Archive for the ‘LA Times’ tag

Is China using the earthquake to political advantage?

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The LA Times has a distinctly different take than most newspapers on the Chinese earthquake on its front page today. The article – ‘Amid the tragedy lies opportunity’ – suggests the Chinese government is using the disaster as ‘an opportunity for a dramatic image makeover’.

‘After months of relentless coverage of Tibetan clashes and human rights abuses,’ Barbara Demick writes, ‘the earthquake shows a new China, one that is both compassionate and competent’. Demick emphasises how ‘much of the footage seen at home and abroad so far comes from state-owned CCTV television’.

Too cynical? Well, if you compare it to the New York Times it is. The NY Times, which also assesses media coverage of the earthquake, comes to a very different conclusion. For the NY Times, ‘the rescue effort playing non-stop on Chinese television is remarkable for a country that has a history of concealing the scope of national calamities and then bungling its response’.

Like its West Coast counterpart, the NY Times notes that the Chinese government news agency, Xinhua, has ‘offered an unusually vigorous stream of updates about casualties and problems confronting rescue teams’. But the East Coast paper has a much less sceptical explanation. Indeed it concludes by quoting a Chinese media professor saying that ‘this is the first time the Chinese media has lived up to international standards… I think the government is learning some lessons from the past’.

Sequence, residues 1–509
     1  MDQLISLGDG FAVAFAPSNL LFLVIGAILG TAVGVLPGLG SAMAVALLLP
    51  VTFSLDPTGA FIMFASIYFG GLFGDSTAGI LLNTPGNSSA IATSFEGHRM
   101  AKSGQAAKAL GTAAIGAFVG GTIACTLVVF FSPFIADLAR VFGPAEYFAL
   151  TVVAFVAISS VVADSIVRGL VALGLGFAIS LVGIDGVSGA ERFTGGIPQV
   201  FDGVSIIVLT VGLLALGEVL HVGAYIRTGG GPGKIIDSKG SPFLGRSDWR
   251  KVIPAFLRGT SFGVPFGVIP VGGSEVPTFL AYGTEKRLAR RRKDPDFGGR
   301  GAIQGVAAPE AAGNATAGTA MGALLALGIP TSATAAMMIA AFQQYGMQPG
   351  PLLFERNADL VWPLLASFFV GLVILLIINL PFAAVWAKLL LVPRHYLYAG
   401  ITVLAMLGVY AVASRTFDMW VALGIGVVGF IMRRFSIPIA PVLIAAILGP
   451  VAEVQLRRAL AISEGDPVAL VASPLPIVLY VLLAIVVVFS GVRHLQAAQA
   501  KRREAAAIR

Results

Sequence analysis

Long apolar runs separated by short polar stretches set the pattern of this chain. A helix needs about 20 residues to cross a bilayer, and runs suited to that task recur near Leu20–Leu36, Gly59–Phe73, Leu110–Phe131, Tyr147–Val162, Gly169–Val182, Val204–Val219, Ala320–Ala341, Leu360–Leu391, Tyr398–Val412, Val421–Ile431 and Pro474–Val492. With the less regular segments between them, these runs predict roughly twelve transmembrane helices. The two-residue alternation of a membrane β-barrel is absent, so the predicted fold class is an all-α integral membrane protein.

Still, Chinese media’s recent reaction to the Olympic flame debacle adds some fuel to the LA Times’ scepticism. During the protests Chinese television news was screening, on a repetitive loop, the moment when a protester tried to grapple the flame away from a disabled flame carrier. In other words – you got it – protester horrid and bad, carrier of the flame good.

Written by Martin Moore

May 14th, 2008 at 9:29 pm

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News goes global

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Three stories in the last 24 hours indicate how little the news media now respects national boundaries. The Daily Mail’s front page lead – ‘The rice with human genes’ – is a scare story presumably intended to elicit responses like that from Maggie in Bournemouth: “When they fed animal parts to cattle we got BSE. Isn’t this a step towards turning us into cannibals?”. But Maggie is in a minority. Hers is one of 10 comments from the UK (at the time of writing), there are another 26 from the US, and one each from Japan, Canada and Ireland.
Yesterday Roy Greenslade reported that US editors may be taking a lead from the Sun’s website and integrating sexier content to drive readership.
And in the Media Guardian today we learn that three reporters are leaving The Times – one for the think tank Policy Exchange, but two for US newspapers – Stephen Farrell to go to the New York Times and Ned Parker to the LA Times.
If readers, editors and journalists are becoming this global it can’t be long before we see this reflected in the media’s content and approach. The Mail and the Times might want to start thinking about what they can learn from the FT and the Economist.

Written by Martin Moore

March 6th, 2007 at 10:47 am

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